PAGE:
THIS freelance lark is pretty difficult but nobody told me you could just make stuff up. Hell, if I’d known that I’d be flying by now.
I have just read that Hello! magazine carried a “one-on-one” interview with George Clooney that turned out to be a “complete fabrication”.
The celebrity mag has apologised unreservedly and said it bought the rights to the interview in “good faith” from a creative agency. A very creative agency, ho-hum, as the whole interview had been made up.
In the interview that never was, Clooney apparently spoke about his relationship with his lawyer wife Amal, and how the key to their marriage was that they never spent more than a week apart.
He said (or didn’t say): “We have a very strong connection and she’s an extraordinary woman doing great work. We’re both committed and shared a common concern for causes like the refugee crisis, but what really brings us together as a couple is the fact that we’re good friends and we enjoy each other’s company.”
Not a bad effort, I guess – just the sort of bland ‘revelations’ celebrities sometimes make. But George wasn’t impressed. In a statement he said: “I have never given an interview to Hello! magazine and the quotes attributed to me are not accurate. To have an ‘exclusive interview’ completely fabricated is something new. And a very disturbing trend.”
Now I like George Clooney, with one reservation which I will discuss with him in a moment in my own made-up interview. He’s an actor who mostly appears in good films. He’s a director of decent movies. He’s a liberal political activist. And he has the sort of impossible greying good looks I search for in the mirror each morning. Sadly, George never looks back. Just me.
He also doesn’t mind appearing in numbskull roles in films by the Coen Brothers. Now I love their films. Their latest effort, Hail, Caesar!, is a gloriously deadpan comedy about the golden age of the movies when films were churned out on a bizarre production line. Clooney is cast as Baird Whitlock, film star and giant clunk – the fourth time the Coens have written a dopey role for him.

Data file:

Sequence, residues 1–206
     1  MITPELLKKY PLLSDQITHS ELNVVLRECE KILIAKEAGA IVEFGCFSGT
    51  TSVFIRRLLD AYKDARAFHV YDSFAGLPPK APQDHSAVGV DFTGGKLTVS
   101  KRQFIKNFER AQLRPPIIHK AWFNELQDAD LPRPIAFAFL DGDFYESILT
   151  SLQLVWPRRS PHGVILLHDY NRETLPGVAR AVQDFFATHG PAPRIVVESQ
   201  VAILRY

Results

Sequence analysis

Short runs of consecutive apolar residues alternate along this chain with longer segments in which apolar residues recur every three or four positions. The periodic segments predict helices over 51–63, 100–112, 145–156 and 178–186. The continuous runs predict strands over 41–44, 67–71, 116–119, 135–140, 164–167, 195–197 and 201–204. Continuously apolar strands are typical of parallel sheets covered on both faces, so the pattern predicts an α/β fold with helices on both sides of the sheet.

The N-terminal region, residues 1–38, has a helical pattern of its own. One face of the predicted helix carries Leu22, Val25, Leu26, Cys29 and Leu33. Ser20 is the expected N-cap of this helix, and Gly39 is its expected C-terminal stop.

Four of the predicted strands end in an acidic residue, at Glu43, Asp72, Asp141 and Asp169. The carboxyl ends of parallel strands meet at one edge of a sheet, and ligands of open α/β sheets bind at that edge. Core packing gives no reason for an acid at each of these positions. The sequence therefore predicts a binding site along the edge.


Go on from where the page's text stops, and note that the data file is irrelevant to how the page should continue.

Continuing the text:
So George, those Coen Brothers have really got it in for you, haven’t they?
“Yes, they like to cast me as an idiot. I really don’t know why. But every time a script arrives from Joel or Ethan, I skim through the lines, looking for what they want me to say. But the thing is, these people aren’t really idiots – not to me, at least. I feel sad when people say I always play idiots for the Coen Brothers.”
“But you are very good at being an idiot, George.”
“Thank you – and you’ll find the door over there.”
“Before I go, can I ask you about Dr Doug Ross – you must feel you owe him a lot.”
Here Clooney’s brown eyes moisten a little. “Yeah, that guy was good for me. But I can’t watch ER nowadays. I’m so young in that damn drama. Look at all the grey hairs now.”
“But you look so distinguished, George.”
“Thank you – you can stay a little longer.”
“Now you’re well known as a political activist and Hillary Clinton supporter. So what do you make of Donald Trump?”
For a moment all his usual geniality evaporates and Clooney growls: “He’s just an opportunist. Now he’s a fascist; a xenophobic fascist.” [Important note: that reply may just have wandered in from an interview Clooney gave to the Guardian; you know, a real interview].
“Now I’d like to ask the coffee question, George?”
“Do you really drink coffee made from those silly capsules you advertise on television?”
“What can I say? They’re the best…”
Clooney leans forwards and whispers: “Beans every time, Julian. Never touch the things at home but buy beans and grind them myself.”
“And you must be able to buy the best beans, George.”
“Oh yes – especially with the money they pay me for promoting that stuff.”
“Thank you, George. It’s been a pleasure.”
His handshake is firm and he twinkles at me with those brown eyes…